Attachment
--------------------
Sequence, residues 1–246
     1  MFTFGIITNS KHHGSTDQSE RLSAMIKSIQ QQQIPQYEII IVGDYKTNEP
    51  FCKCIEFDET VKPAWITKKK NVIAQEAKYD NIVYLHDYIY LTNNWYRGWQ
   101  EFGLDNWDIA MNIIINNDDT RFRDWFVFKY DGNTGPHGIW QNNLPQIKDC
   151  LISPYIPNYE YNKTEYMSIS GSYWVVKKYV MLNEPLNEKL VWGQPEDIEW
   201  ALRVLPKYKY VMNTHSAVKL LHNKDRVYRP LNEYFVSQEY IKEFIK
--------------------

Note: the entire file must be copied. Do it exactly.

Sequence, residues 1–246
     1  MFTFGIITNS KHHGSTDQSE RLSAMIKSIQ QQQIPQYEII IVGDYKTNEP
    51  FCKCIEFDET VKPAWITKKK NVIAQEAKYD NIVYLHDYIY LTNNWYRGWQ
   101  EFGLDNWDIA MNIIINNDDT RFRDWFVFKY DGNTGPHGIW QNNLPQIKDC
   151  LISPYIPNYE YNKTEYMSIS GSYWVVKKYV MLNEPLNEKL VWGQPEDIEW
   201  ALRVLPKYKY VMNTHSAVKL LHNKDRVYRP LNEYFVSQEY IKEFIK